Teaching ESL

fonts for worksheets
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Author:  mesmark [ Wed Feb 06, 2008 2:28 pm ]
Post subject:  fonts for worksheets

I generally use Comic Sans MS for my worksheets but I haven't chosen to use it with the worksheet makers. I've been coding them with Georgia as the font. I think it's because I personally like the Georgia font better.

Has anyone noticed this? Do you think it would be better to use Comic Sans? Doesn't make a difference?

(Sorry, but it looks like giving people a choice of which font to use is out of the question. Right now anyway.)

Author:  Olinda Lima [ Thu Feb 07, 2008 3:45 am ]
Post subject: 

hello, Mark
Splendid, super. I loved it all. I haven't tried the dice yet, but all the others went in a glimpse. They are fantastic and you saved me a lot of time. I'm working with animals, for the present, so I made a super handout, a crisscross, a spelling sheet and, obviously a board game. Tomorrow I'm going to begin with the children using your materials. I'm sure they are going to enjoy. They always do.
About the font, I myself prefer the Comic sans, but this one is Ok, too.By the way, it seems to me there is a broken link, in the board games, animals, the first one with text and image.
What about some food and drinks, too? It would be fabulous for my project, if you have the time.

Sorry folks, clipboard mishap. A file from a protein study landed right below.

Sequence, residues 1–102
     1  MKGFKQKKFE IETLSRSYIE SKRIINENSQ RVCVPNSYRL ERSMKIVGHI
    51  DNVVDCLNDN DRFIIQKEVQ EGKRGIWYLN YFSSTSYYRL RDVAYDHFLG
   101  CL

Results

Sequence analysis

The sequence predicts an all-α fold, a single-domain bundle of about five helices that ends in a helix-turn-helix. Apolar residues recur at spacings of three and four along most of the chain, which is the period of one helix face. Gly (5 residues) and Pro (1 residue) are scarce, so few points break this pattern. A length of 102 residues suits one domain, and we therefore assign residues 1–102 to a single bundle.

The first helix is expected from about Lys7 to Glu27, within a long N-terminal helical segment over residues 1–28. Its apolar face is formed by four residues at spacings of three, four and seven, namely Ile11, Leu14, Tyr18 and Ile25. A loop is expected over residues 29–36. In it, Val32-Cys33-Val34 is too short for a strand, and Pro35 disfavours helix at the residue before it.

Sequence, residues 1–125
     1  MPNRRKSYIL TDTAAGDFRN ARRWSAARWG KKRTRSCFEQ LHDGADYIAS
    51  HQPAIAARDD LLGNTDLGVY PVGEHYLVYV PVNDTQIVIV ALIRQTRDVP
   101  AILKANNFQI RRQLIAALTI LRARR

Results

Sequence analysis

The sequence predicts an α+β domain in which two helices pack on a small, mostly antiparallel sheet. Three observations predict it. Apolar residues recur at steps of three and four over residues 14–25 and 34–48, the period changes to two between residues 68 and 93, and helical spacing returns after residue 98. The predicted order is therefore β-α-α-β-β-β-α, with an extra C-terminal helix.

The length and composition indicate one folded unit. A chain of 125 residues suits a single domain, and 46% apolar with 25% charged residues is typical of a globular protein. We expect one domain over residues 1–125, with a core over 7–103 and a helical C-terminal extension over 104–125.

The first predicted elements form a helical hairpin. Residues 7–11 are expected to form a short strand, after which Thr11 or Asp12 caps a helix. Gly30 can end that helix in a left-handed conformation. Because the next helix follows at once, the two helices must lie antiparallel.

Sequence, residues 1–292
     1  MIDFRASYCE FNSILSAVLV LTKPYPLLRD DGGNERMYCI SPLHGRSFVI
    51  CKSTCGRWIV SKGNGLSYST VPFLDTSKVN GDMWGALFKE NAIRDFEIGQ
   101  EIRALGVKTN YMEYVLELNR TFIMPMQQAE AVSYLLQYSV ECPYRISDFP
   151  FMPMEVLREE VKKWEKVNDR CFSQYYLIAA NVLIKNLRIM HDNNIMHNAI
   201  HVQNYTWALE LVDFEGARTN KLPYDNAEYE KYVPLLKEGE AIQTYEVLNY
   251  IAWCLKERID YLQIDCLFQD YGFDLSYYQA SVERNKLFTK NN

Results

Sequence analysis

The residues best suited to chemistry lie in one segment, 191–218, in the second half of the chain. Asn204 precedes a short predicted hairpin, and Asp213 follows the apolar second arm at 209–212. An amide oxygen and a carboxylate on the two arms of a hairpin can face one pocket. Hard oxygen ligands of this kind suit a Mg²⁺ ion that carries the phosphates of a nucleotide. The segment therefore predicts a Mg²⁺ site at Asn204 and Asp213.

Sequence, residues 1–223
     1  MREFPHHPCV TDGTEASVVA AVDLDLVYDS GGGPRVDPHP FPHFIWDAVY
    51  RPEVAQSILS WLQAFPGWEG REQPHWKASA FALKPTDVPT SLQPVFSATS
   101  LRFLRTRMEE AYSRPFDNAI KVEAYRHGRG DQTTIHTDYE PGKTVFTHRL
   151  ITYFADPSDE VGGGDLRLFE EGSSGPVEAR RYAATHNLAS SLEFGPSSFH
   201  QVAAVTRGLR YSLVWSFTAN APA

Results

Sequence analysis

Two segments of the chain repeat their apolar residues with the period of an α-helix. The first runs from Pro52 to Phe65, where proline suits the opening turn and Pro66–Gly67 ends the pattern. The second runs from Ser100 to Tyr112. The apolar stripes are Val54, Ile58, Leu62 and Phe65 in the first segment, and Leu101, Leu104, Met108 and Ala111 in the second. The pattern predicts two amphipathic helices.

Congratulations, I always say the same, but in fact, your work is a blessing.
You deserve a medal.

Author:  jonmarks [ Sat Feb 16, 2008 8:28 am ]
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My personal opinion is that Comic Sans has become a little overused in ESL. Georgia's nice, and I think my favorite is plain old Arial. But I'm being a font nerd here!

Author:  gunpojoe [ Tue Feb 19, 2008 10:22 pm ]
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As long as the font uses letters that look like the printed letter (small case a and g) come to mind, I don't know if there are others, I like to use it for my worksheets. I believe Comic sans font does, Arial does not. In a country where the roman alphabet is not used, this is important.
I teach about the other shapes for recognition, but for printing I want them to use the comon letter shapes.

Author:  patrick [ Tue Feb 19, 2008 10:49 pm ]
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I would have to agree with gunpojoe. Comic Sans is the only alphabet that looks like people actually wrote the letter. The only letter I don't like in Comic Sans is the uppercase Y. It merely looks like a big lowercase y.

Author:  mesmark [ Wed Feb 20, 2008 1:00 am ]
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Yeah, hard to say. Every printed text has that printed 'a' and native kids don't seem to throw their hands up in the air over it. Also, children will need to get used to it.

I use Comic Sans for all of my worksheets but maybe like Jon, I'm just all Comic Sansed out. (I'm totally a font nerd :P )

Author:  patrick [ Wed Feb 20, 2008 11:55 am ]
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Once again I will have to give a shout out to my friend, Comic Sans! Especially teaching in Japan, a country that has 67% of their official work manuals written in a comic book style, Comic Sans is my friend!

Burnt out on Comic Sans...yeah, I am! But, I still believe it's the most effective font to use in Japan.

**The actual percentages of the manuals has not been researched properly. Actually, not at all...**

Author:  mesmark [ Wed Feb 20, 2008 12:06 pm ]
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Interesting. You've got me digging around.